Skip navigation
Food Writer's Diary
BaskinRobbins ice cream cookie sandwich

Baskin-Robbins snuck ice cream sandwiches into its stores

This post is part of the Food Writer’s Diary.

Did you know that for the past month and a half you could walk into a Baskin-Robbins and order an ice cream sandwich made with four different kinds of warm cookie (dark chocolate chunk, double fudge, white chocolate macadamia or peanut butter chocolate)?

Neither did I, and it’s my job to know these things.

Normally you'd expect a big announcement about something like this, and commercials with sensual food shots and probably a mic drop. But for reasons of its own, the Dunkin’ Brands subsidiary rolled out these warm, melty gems with pretty much no fanfare, or even a press release as far as I can tell.

I learned about them at a recent media day at Dunkin’ Brands’ Canton, Mass., headquarters, where I spent the day decorating ice cream cakes and tasting new menu items with mommy bloggers and regional TV personalities and the like. We even developed our own ice cream flavor, which I think we called Salted Chocolate Cheesecake: A three-to-one mix of Baskin-Robbins chocolate and vanilla ice cream base with added chunks of brownie and cheesecake and a salted pretzel ribbon.

Here I am managing the ribbon squirting with San Antonio nutritionist Kristen Garcia, who posted this picture on her Instagram feed.

Apart from the ice cream sandwiches, which Baskin-Robbins is now augmenting with a new “candy cookie” containing unbranded candy-coated chocolate pieces that definitely don’t have an ‘m’ printed on them, we saw what else the company has in the works for the coming months.

And they have a lot.

Warm cookie ice cream sandwiches. Photo: Dunkin Brands

This is being reprised after having been out of the loop for decades. It’s soft-baked 9-inch chocolate chip or fudge brownie crust topped with ice cream instead of sauce and cheese, and candy, cookies and other sweet toppings instead of pepperoni or mushrooms or whatever. A guy on the R&D team told me it was discontinued because their manufacturer stopped making the crust. But there are more cookie makers out there now, so it’s possible that the Polar Pizza will be here to stay once it’s rolled out this summer.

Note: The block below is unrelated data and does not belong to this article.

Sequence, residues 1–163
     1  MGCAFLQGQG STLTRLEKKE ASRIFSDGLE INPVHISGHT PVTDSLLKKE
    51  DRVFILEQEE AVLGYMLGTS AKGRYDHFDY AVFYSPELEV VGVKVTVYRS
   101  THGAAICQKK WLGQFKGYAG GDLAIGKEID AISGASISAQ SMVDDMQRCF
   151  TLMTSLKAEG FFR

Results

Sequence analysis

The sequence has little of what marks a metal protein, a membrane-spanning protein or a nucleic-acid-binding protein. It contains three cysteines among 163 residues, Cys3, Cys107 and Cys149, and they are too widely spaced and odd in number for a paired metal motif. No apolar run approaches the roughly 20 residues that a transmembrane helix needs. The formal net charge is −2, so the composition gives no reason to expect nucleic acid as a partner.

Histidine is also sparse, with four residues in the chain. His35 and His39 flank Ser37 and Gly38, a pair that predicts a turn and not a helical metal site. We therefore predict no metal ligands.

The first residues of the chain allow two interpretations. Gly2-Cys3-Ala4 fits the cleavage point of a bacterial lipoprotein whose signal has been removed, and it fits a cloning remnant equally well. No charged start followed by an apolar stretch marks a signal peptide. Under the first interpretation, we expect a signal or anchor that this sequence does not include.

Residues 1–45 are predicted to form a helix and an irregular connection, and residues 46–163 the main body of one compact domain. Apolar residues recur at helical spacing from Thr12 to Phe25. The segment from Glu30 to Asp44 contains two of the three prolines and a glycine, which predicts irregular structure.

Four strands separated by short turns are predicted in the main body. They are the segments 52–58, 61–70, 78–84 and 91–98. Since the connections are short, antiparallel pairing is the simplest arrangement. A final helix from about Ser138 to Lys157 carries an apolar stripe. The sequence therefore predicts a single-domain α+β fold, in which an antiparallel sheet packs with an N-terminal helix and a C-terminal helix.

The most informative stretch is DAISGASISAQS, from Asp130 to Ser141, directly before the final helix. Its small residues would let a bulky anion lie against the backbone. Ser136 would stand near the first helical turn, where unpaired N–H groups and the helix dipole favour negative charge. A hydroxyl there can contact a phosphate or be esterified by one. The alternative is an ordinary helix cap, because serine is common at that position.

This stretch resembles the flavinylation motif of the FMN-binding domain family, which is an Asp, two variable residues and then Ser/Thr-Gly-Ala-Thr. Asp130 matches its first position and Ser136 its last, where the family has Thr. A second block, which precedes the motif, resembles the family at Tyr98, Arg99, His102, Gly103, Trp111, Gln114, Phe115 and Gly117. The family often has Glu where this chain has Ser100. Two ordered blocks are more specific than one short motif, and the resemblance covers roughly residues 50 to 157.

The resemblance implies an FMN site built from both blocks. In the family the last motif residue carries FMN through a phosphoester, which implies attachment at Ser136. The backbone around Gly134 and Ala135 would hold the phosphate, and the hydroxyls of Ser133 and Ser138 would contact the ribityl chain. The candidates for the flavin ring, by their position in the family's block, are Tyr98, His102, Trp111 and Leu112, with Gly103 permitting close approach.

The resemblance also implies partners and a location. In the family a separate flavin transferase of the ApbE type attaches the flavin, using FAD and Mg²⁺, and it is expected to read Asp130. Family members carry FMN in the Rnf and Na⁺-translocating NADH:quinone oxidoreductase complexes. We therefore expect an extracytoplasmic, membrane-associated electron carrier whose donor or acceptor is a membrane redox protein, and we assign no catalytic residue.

• Donut ice cream sandwiches: What’s the point of being sister companies with Dunkin’ Donuts if you can’t use their stuff. This item was tested in Las Vegas and parts of Maryland and is currently being analyzed to determine whether to roll it out nationally. It’s a powdered sugar doughnut — the same kind used for jelly doughnuts — split, and filled with a scoop of ice cream and a squirt of hot fudge.

Photo: Dunkin Brands

• Berry Fruitful Greek Frozen Yogurt: The research & development team said this was sort of a deconstructed smoothie, and contains things that don’t normally occur in dessert. It’s half sorbet, made with berries and pears, but also beets and sweet potato, with bits of granola mixed in. That’s swirled with frozen Greek yogurt. It’s going to be introduced later this season as an optional rotating flavor.

• Made with Milky Way Bars: Yes, that’s its name, and it's supposed to taste like a Milky Way bar, which it does in my opinion. It’s nougat ice cream mixed with Milky Way pieces, milk chocolate pieces and a salted caramel ribbon. It will be the flavor of the month in June — also available as a milkshake, made by mixing the ice cream with milk and simple syrup.

The "Made with Milky Way Bars" ice cream flavor.

• Oreo Birthday Cake: This will be the flavor of the month in July. It’s chocolate cake-flavored ice cream with Birthday Cake Oreo pieces mixed in, along with frosting bits and a candy confetti ribbon.

• Ancho Mango Sunrise: This crazy thing is an ice cream flavored with mango and Chamoy — a salty-sour-fruity condiment popular in Mexico. It’s mixed with mango pieces and an ancho Chamoy ribbon, so it’s kind of spicy. It will be available as a seasonal option this summer.

So now we’re all caught up with Baskin-Robbins, assuming they don’t try to sneak something else past us.

Contact Bret Thorn at [email protected]
Follow him on Twitter: @foodwriterdiary

Hide comments


  • Allowed HTML tags: <em> <strong> <blockquote> <br> <p>

Plain text

  • No HTML tags allowed.
  • Web page addresses and e-mail addresses turn into links automatically.
  • Lines and paragraphs break automatically.